Late last year Druide released Antidote version 10. Earlier this month, we confirmed that the security issue is still present. We sent Druide a draft version of this blog post and the impact was clearer to them. They quickly published updated versions of Antidote 8, 9 and 10 fixing the issue. We advise users of Antidote to update right away using the built-in self-update capability of Antidote.



This is obviously a two-fold issue. First, we have faulty software on endpoints which tries to connect to a network share, which, in turn, broadcasts user credential hashes. Second, we also allow users to create DNS records which increases the exploitability and impact of the faulty software. We will look at how to mitigate both vectors: the endpoint and the Domain Services.


Active Directory Defense

The Domain Services ACL can be hardened to prevent domain users from creating arbitrary records. This can be done by changing the security configuration for your DNS zones. On the server on which the service Domain Service is running, open the DNS Manager, and for each domain zone under which users are joined, remove the “Create all child objects” permission from the “Authenticated Users” group.


Once this is done, users will not be able to create any records. Note that this may have unintended side effects on your users’ ability to join computers to the Active Directory environment. If your onboarding process requires users to join their own machines, this will most definitely break this process. To test that users do not have access to create arbitrary records anymore, we use Powermad again:


An alternative mitigation technique would be Kevin Robertson’s method of sinkholing the record by making it point to a dummy record5. If your environment is not already rid of LLMNR and NBNS broadcasting, you should definitely create a plug-ins record and make it point to an A record that does not point to a machine, such as This is important because if your users still perform LLMNR and NBNS requests, should the DNS query not return a record, the operating system will fallback to these legacy protocols which attackers will be able to spoof.

If LLMNR and NBNS broadcasting are mitigated in your environment, there is no real value in creating a DNS record for the entry. A more straight forward way of making sure no machine resolves is to use the Global Query Block List, a lesser-known feature of the Domain Services. This feature was added with Windows Server 2008 and acts as a blacklist of records that should never be resolved. The Global Query Block List is enabled by default and contains two blacklisted records, ISATAP and WPAD. To check whether you are using the Global Query Block List, run the command dnscmd /info /enableglobalqueryblocklist on your DNS server. Should the command return Dword: 1 (00000001), then your Domain Services uses the Block List.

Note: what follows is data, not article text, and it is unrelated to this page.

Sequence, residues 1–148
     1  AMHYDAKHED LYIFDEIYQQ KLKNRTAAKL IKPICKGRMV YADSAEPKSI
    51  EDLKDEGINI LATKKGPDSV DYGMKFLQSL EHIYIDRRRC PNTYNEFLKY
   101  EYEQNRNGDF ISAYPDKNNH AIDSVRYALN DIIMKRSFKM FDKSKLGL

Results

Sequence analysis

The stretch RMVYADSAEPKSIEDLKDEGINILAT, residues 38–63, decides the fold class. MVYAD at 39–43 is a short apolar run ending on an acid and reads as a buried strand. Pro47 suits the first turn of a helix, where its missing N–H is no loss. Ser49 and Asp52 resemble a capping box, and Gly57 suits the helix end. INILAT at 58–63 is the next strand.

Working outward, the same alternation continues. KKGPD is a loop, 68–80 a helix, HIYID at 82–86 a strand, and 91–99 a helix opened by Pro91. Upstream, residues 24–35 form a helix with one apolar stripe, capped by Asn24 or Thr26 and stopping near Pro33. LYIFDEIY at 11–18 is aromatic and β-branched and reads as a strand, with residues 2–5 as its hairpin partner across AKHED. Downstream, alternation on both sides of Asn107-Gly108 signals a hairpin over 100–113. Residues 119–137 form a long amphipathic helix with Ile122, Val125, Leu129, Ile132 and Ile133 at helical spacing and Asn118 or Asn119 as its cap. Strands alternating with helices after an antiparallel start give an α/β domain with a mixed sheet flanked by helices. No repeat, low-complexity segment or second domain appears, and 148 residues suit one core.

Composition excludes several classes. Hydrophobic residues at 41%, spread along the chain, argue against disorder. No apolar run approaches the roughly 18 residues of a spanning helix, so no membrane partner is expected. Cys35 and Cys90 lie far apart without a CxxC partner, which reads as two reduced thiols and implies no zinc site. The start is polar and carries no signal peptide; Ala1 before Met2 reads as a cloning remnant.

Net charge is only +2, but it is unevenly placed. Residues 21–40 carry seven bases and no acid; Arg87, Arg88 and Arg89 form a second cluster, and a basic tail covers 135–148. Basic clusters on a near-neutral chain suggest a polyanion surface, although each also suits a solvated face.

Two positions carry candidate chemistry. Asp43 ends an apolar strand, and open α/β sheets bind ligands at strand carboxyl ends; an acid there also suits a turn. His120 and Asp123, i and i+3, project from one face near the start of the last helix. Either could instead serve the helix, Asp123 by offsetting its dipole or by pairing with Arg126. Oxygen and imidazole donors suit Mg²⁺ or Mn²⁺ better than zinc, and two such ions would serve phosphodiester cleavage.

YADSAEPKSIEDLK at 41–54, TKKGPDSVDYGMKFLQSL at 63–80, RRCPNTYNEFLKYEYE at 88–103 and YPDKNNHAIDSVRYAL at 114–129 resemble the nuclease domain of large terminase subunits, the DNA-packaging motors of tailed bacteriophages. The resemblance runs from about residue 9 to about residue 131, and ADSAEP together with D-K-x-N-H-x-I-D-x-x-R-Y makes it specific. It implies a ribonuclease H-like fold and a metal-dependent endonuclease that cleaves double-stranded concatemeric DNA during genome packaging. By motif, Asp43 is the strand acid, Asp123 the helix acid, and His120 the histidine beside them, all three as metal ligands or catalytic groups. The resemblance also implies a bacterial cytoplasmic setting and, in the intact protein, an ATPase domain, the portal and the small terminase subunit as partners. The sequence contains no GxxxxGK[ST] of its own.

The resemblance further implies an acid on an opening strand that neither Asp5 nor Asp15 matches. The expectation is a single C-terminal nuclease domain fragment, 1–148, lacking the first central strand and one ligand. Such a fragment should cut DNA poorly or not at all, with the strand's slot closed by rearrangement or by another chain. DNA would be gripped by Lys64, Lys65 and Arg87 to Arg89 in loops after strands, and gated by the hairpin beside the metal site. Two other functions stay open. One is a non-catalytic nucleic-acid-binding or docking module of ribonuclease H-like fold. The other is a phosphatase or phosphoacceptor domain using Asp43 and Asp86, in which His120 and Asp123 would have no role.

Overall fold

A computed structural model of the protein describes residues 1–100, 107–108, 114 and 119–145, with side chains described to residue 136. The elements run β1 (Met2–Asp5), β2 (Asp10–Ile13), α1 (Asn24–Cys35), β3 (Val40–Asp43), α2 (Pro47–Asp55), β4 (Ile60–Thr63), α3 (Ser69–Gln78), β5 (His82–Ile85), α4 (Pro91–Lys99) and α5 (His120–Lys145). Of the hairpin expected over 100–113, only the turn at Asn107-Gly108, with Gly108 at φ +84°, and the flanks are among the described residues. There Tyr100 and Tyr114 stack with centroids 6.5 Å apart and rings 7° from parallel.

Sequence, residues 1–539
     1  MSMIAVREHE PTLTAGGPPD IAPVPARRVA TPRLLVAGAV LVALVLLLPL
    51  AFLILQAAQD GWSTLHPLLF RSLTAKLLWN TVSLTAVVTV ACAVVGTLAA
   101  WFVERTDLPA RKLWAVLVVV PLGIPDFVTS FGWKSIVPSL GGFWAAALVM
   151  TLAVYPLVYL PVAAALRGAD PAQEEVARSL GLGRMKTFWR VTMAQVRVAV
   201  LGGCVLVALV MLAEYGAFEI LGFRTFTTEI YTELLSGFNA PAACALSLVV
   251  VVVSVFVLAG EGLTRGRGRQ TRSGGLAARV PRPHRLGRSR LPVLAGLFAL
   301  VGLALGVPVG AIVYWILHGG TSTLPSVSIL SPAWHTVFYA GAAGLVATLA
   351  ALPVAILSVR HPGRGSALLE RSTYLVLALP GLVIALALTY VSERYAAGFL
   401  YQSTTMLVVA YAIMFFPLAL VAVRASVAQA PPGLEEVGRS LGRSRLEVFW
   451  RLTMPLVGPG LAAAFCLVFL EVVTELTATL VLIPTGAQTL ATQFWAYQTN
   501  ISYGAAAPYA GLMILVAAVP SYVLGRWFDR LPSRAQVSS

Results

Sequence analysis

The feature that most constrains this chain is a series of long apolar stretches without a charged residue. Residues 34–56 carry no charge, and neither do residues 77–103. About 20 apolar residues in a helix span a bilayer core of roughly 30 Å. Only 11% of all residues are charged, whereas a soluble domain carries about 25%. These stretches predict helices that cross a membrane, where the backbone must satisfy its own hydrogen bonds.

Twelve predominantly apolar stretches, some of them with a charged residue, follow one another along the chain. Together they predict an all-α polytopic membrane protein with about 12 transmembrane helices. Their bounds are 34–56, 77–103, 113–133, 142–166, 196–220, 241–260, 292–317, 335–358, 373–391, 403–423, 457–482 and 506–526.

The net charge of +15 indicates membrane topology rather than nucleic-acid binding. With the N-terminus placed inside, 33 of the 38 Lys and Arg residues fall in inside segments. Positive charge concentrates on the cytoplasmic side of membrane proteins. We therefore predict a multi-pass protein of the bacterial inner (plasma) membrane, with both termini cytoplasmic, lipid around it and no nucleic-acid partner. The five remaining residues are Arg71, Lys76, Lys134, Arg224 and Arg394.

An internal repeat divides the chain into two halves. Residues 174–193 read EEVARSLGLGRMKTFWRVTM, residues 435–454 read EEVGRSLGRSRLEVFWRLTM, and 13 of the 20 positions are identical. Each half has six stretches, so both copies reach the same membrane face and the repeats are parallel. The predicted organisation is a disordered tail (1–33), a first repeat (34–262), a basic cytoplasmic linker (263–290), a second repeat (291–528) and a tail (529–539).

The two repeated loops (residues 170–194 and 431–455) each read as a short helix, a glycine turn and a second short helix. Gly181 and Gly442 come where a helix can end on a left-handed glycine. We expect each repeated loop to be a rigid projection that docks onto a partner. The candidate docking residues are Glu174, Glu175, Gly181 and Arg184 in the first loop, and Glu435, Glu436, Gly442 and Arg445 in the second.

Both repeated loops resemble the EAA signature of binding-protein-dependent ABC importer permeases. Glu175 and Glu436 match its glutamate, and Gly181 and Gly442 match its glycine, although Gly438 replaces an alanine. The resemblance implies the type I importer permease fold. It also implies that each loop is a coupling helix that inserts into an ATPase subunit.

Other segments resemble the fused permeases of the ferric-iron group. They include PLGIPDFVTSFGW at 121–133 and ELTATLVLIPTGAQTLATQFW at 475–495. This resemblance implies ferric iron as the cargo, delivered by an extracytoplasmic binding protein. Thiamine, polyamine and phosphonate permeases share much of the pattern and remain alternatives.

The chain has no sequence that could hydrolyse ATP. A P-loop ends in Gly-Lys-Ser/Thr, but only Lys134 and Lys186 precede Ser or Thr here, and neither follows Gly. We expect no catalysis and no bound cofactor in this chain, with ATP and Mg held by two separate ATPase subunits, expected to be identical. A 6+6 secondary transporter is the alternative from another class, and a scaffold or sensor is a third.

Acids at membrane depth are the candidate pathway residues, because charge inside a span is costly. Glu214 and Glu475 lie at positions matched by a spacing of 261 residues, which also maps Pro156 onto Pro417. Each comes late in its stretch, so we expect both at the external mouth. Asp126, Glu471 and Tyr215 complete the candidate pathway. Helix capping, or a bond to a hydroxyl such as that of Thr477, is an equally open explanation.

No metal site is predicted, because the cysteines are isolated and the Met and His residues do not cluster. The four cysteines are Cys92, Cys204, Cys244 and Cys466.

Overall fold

To list the records, run dnscmd /info /globalqueryblocklist.


For the Antidote use case, we’ll want to add plug-ins to the blacklist, so that all queries for that record will not be responded for, even if such a record is created in any zone. This can be done with the command dnscmd /config /globalqueryblocklist wpad isatap plug-ins


Once the entry was added to the Block List, the will never resolve it again, even if a record is created.


Endpoint Defense

Update your Antidote using the built-in update manager (under Help) and make sure it has been updated to the following versions:

  • Antidote 10: 10.1.2147 or later (verify under Add/Remove programs for Antidote – Connectix 10, this patch level isn’t visible from Antidote’s about dialog)
  • Antidote 9: 9.5.3937 or later (verify under Add/Remove programs for Antidote, this patch level isn’t visible from Antidote’s about dialog)
  • Antidote 8: 8.05.2287 or later (verify under Add/Remove programs Antidote, this patch level isn’t visible from Antidote’s about dialog)

Site-wide deployment may mean the end user will not have the ability to perform updates. If you see that you are using a vulnerable version, contact your IT department.

If, for any reason, you are unable to update, the vulnerability can be mitigated by removing the faulty plugin handlers. They are found at the following paths:

Antidote 9
C:\Program Files (x86)\Druide\Antidote 9\Application\Bin{32,64}\Extensions\Illustrator.dll
C:\Program Files (x86)\Druide\Antidote 9\Application\Bin{32,64}\Extensions\InCopy.dll
C:\Program Files (x86)\Druide\Antidote 9\Application\Bin{32,64}\Extensions\InDesign.dll

Antidote 10
C:\Program Files (x86)\Druide\Connectix 10\Application\Bin{32,64}\Extensions\
C:\Program Files (x86)\Druide\Connectix 10\Application\Bin{32,64}\Extensions\
C:\Program Files (x86)\Druide\Connectix 10\Application\Bin{32,64}\Extensions\

Since the bug is only triggered when the Illustrator, InCopy, or InDesign software isn’t installed on endpoints, the plugin can be safely used if they are installed.



The problem discussed in this blog post is a two-sided problem. We visited a weakness in the default access control configuration for Active Directory Domain Services that allows all authenticated domain users to create DNS records under their respective zones. To illustrate the impact of such poor access control, we needed a concrete, widely abusable use case. We presented the case of Druide’s Antidote software, for which some plugin handlers continuously attempt to reach unexistent network shares at a prefixed subdomain. By registering this subdomain with an unprivileged domain account, we were able to demonstrate that we could reliably obtain NTLM hashes for all employees using the Antidote software, and relay them.

Since we drafted this blog post, NetSPI released another blog post about different abuses and mitigation around Active-Directory’ DNS. We advise defenders to take a look.

The Antidote bug was discovered and disclosed to the vendor by Martin Lemay. Further analysis performed by Ian Bouchard, Philippe Arteau, Louis-Dion Marcil and Olivier Bilodeau.